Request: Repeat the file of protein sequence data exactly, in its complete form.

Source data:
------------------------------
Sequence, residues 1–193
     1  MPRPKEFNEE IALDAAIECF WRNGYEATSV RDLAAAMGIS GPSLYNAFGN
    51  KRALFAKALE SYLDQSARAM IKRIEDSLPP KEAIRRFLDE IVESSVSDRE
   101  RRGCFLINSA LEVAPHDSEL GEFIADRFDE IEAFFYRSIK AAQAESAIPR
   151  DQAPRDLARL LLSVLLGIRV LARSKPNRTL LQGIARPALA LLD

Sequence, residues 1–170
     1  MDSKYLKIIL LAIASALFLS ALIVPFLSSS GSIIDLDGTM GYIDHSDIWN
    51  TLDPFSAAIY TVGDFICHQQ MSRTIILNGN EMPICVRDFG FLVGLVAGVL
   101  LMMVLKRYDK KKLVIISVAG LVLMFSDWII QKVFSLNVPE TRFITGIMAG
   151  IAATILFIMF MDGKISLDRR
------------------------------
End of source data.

Sequence, residues 1–193
     1  MPRPKEFNEE IALDAAIECF WRNGYEATSV RDLAAAMGIS GPSLYNAFGN
    51  KRALFAKALE SYLDQSARAM IKRIEDSLPP KEAIRRFLDE IVESSVSDRE
   101  RRGCFLINSA LEVAPHDSEL GEFIADRFDE IEAFFYRSIK AAQAESAIPR
   151  DQAPRDLARL LLSVLLGIRV LARSKPNRTL LQGIARPALA LLD

Sequence, residues 1–170
     1  MDSKYLKIIL LAIASALFLS ALIVPFLSSS GSIIDLDGTM GYIDHSDIWN
    51  TLDPFSAAIY TVGDFICHQQ MSRTIILNGN EMPICVRDFG FLVGLVAGVL
   101  LMMVLKRYDK KKLVIISVAG LVLMFSDWII QKVFSLNVPE TRFITGIMAG
   151  IAATILFIMF MDGKISLDRR